Read more: People treated by female doctors tend to have better health outcomes

UnitedHealth says hackers possibly stole large number of Americans’ data by Manas Mishra and Zeba Siddiqui for, 22 April 2024.
UnitedHealth Group said that hackers stole health and personal data of potentially a “substantial proportion” of Americans from its systems in February, as the largest U.S. health insurer scrambles to contain the damage. The intrusion at its Change Healthcare unit, which processes about 50% of U.S. medical claims, was one of the worst hacks to hit American healthcare and caused widespread disruption in payment to doctors and health facilities.
The disclosure suggests patients’ healthcare information remains vulnerable. An initial review of the compromised data showed files with protected health information or personally identifiable information “which could cover a substantial proportion of people in America,” the company said on its website.  That theft on Feb. 21 occurred despite a ransom payment. “A ransom was paid as part of the company’s commitment to do all it could to protect patient data from disclosure,” said UnitedHealth Chief Executive Andrew Witty.  “This attack was conducted by malicious threat actors, and we continue to work with the law enforcement and multiple leading cybersecurity firms during our investigation.”
Read more:  UnitedHealth says hackers possibly stole large number of Americans’ data

New findings on pancreatic anatomy may affect diabetes research and treatment by Claes Bjornberg for, 22 April 2024.

Researchers at Umeå University have succeeded in imaging an entire human organ, a pancreas, in microscopic resolution. By staining different cell-types with antibodies and then using optical 3D imaging techniques to study the entire organ, their data provides a partially new picture of the pancreas.  The results may be of great importance for diabetes research, especially when developing various new forms of treatment. The study is published in Nature Communications.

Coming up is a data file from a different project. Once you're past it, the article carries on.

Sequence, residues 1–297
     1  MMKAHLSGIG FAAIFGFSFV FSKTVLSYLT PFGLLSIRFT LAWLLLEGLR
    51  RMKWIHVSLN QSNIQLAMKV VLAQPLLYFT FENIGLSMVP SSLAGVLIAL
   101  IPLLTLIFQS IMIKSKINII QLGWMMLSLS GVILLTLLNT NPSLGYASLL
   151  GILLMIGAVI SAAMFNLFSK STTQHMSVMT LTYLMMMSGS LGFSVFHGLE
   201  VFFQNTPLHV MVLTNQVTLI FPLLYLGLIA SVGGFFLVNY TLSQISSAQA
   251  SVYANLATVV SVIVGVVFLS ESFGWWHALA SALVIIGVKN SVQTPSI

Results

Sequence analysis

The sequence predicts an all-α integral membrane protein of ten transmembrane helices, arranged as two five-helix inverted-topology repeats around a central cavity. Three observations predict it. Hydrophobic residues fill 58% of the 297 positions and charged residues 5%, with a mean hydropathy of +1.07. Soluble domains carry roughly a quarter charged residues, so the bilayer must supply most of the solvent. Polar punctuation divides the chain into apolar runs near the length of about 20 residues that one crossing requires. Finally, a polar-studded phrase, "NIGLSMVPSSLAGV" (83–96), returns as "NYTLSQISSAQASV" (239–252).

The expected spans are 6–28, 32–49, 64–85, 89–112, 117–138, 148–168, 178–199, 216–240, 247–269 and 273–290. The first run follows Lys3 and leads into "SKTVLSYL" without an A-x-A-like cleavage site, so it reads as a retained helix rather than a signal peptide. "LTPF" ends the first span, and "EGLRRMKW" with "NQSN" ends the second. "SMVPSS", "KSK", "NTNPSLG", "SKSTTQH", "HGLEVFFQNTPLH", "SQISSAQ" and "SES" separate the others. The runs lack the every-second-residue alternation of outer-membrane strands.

Fig. 1

The pancreas is a key organ for the development of diabetes, a disease that today affects over half a billion people. It contains millions of small cell clusters, the so-called islets of Langerhans, which function to regulate blood sugar levels in the body.  “By dividing the entire organ into smaller parts, we enable the antibodies to get where they need to go. Since we know where each piece comes from, we can then, after scanning the different parts individually, ‘reassemble’ the entire pancreas again using computer software. This allows us to perform a plethora of calculations and study which cell-types are present, as well as where they are located in 3D space, as we know the 3D coordinates, their volume, shape and other parameters for each and every stained object in the entire organ,” says Ahlgren.

In addition to new data on how insulin-producing cells are distributed in the pancreas, the researchers now show that glucagon-producing cells are not present in as many as 50% of the Islets of Langerhans that do contain insulin cells. This is contrary to what was previously thought, where islets were believed to contain both insulin- and glucagon-expressing cell-types with the same islet.

“This was a surprise to us, and I believe that these results may be of great importance for diabetes research.

      • First, it shows that the islets have a much more uneven composition, or cellularity, than previously thought. This could mean that islets of different composition might be specifically specialized to respond to different signals and/or operate in different metabolic environments. 
      • “Second, a great deal of research in the diabetes field is carried out on isolated islets of Langerhans from deceased donors. Since we also show that this uneven composition is largely linked to islet size, it means that results from such experiments may not fully reflect how the islets are structured and function in the living pancreas. 

Read more:  New findings on pancreatic anatomy may affect diabetes research and treatment

Too Little Sleep Raises Health Risks for Teens With T1D by Shrabasti Bhattacharya for, 17 April 2024.

Less than 7 hours of sleep per night is common in individuals with type 1 diabetes (T1D) but is tied to poor cardiometabolic health, particularly in adolescents.


      • Most adolescents (62%) and adults (74%) with T1D reported less than 7 hours of sleep at baseline.
      • Participants with insufficient sleep vs those without insufficient sleep (< 7 vs > 7 hours) had a larger waist circumference and higher mean body mass index, systolic blood pressure, and pulse pressure, as well as lower estimated insulin sensitivity and brachial artery distensibility (P < .05 for all).
      • When stratified by age, only adolescents with T1D with insufficient sleep had significant differences in most health outcomes by sleep duration status.

Read more: Too Little Sleep Raises Health Risks for Teens With T1D

Vertex and TreeFrog Therapeutics Announce Licensing Agreement and Collaboration to Optimize Production of Vertex’s Cell Therapies for Type 1 Diabetes in Vertex press release, 23 April 2024.

Vertex Pharmaceuticals Incorporated and TreeFrog Therapeutics announced that Vertex has obtained an exclusive license to TreeFrog’s proprietary cell manufacturing technology, C-StemTM, to optimize the production of Vertex’s cell therapies for type 1 diabetes (T1D). TreeFrog and Vertex will collaborate to scale up TreeFrog’s process to produce and amplify cells for Vertex’s T1D therapies.